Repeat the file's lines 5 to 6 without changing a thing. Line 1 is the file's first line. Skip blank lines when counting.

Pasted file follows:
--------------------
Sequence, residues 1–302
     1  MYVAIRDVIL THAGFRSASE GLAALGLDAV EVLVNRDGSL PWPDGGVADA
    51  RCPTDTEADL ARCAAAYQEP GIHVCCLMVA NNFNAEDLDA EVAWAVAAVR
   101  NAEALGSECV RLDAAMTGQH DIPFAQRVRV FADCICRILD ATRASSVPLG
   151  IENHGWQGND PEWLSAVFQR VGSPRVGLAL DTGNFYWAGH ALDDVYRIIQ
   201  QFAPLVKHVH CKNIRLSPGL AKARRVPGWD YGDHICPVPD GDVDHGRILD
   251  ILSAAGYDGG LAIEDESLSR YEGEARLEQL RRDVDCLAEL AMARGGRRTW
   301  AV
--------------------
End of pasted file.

   151  IENHGWQGND PEWLSAVFQR VGSPRVGLAL DTGNFYWAGH ALDDVYRIIQ
   201  QFAPLVKHVH CKNIRLSPGL AKARRVPGWD YGDHICPVPD GDVDHGRILD